ANYONE who makes the trip to Washington and contacts any of the various departments working on National Defense will more readily appreciate the seriousness of this Defense situation. There is certainly no alarmist attitude in the National Capitol but rather a serious realization that there is a job to be done and done quickly. Meetings called by the Advisory Commission to the Council of National Defense have emphasized the importance of speed and cooperation from each and every industry.
When you consider the number of individuals who gave up important positions in the business world to devote their time and energies to this work it makes you wonder that it would be necessary to reprimand some other people for trying to take advantage of present demands to make a killing. This is just what has been necessary in several cases. Until recently the situation in the used machine tool field was not exactly under control, and it seemed as if the Defense Commission was about to call a halt.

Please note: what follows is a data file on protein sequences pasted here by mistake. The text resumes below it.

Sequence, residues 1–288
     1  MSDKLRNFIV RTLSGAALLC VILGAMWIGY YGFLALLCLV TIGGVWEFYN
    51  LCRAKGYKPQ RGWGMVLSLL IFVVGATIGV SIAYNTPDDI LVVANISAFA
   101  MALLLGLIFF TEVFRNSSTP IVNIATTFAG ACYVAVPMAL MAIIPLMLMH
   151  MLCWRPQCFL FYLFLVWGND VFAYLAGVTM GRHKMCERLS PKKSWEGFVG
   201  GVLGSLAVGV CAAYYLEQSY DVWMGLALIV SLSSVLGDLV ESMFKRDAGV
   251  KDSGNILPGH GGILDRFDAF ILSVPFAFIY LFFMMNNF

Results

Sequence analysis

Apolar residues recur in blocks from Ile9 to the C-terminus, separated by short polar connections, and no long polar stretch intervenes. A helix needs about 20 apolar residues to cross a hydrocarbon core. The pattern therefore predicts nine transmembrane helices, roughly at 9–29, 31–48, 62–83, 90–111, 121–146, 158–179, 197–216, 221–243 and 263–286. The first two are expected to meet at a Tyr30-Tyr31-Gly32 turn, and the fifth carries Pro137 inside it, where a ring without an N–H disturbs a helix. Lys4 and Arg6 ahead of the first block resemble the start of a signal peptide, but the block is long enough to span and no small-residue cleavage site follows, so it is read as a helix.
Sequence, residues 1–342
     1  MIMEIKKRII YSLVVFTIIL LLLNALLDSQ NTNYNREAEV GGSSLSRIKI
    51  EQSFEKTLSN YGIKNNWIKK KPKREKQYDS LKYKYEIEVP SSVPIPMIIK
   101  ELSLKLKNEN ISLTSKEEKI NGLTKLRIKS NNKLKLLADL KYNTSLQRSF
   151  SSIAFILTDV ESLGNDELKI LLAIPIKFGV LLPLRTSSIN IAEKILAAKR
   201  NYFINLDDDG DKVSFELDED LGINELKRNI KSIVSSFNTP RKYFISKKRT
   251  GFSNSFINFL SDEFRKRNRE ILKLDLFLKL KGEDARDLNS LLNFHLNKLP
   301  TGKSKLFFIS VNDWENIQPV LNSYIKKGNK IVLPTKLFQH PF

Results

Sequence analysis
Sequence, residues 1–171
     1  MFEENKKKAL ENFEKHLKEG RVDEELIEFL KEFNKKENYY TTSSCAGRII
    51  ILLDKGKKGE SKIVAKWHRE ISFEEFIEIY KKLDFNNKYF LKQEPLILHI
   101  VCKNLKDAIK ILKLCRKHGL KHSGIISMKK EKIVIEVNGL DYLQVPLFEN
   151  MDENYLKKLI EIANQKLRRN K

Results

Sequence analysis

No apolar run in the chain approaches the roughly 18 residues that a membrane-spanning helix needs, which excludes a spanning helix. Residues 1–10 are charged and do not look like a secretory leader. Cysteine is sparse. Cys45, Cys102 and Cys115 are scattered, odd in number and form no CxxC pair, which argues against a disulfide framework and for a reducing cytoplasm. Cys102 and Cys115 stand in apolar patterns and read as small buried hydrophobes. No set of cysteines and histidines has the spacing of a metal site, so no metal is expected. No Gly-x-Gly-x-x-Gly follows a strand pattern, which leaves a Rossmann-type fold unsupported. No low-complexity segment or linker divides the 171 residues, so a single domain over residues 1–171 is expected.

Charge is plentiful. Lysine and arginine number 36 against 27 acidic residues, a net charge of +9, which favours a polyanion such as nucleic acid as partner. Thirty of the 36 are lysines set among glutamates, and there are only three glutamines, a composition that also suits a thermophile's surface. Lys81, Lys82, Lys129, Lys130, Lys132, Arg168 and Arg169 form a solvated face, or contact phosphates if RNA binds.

It is quite obvious that the condition in the used machine tool industry should not be laid in the lap of any particular group of dealers, users or foreign buyers. The business of buying and selling surplus machinery has never been controlled by manufacturing costs but rather by market value.
It appears to us that the only real means of exercising control rests with the dealers themselves. Right minded dealers believe in fair trade, which means fair prices and fair profits, for continued healthy business life. Individuals who are attempting to “profiteer” because of the condition created by Defense work are in effect guilty of what might readily be termed “sabotage.” This Defense job is big and it is a must job if there ever was one. It concerns each one of us and we must all pull together. It’s just good American horse sense that we can do the job in our own way and that way is simply—“Be American.”